We do not rejoice at suffering. However, in order to gain our freedom, the Egyptians had to suffer. All of us are human beings made in the image of the Eternal. It is said that when the Red Sea closed over the pursuing Egyptian troops, the angels rejoiced until Adonai rebuked them: “Do not rejoice! Those are my children as well!” In the same way, we should regret what had to be done to the Egyptians that we might be made free, and recognize that even the stranger is a human being like us.

So to remember the plagues that freed us from Egypt, we will pour out a drop of our wine for each plague as we recite their names. Please use your finger or a spoon and drop the wine onto your seder plate as we recite the names in English and in Hebrew:

Blood | dam |דָּם

Frogs | tzfardeiya |צְפַרְדֵּֽעַ

Lice | kinim |כִּנִּים

Beasts | arov |עָרוֹב

Cattle disease | dever |דֶּֽבֶר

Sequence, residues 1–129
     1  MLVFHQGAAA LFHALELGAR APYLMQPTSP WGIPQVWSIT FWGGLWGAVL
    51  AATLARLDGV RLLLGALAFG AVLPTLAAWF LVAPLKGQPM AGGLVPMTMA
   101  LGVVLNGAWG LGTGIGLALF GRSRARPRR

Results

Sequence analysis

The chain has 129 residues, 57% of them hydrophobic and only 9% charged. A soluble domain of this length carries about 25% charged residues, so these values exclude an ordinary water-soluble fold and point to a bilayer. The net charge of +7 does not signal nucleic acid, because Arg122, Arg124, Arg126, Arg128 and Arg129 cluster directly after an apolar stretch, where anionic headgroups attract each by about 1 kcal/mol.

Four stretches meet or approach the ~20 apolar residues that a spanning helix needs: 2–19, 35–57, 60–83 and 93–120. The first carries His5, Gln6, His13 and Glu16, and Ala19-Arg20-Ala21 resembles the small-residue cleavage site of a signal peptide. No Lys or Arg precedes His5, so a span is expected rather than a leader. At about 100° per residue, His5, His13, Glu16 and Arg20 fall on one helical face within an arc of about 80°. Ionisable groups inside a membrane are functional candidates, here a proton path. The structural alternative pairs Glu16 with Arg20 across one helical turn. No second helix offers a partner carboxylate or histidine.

Boils | sh’chin |שְׁחִין

Hail | barad |בָּרָד

Locusts | arbeh |אַרְבֶּה

Darkness | choshech |חֹֽשֶׁךְ

Death of the Firstborn | makat b’chorot |מַכַּת בְּכוֹרוֹת

Just as we often do, the Egyptians found ways to rationalize away the implications of these ten plagues, until the final one that could not be rationalized away. They were also human, and they resisted, rather than change what they were doing. How are we like the Egyptians in this respect? What could we change, but are not changing because it would be painful, or uncomfortable, or inconvenient?

haggadah Section: -- Ten Plagues
Source: Adam Sanford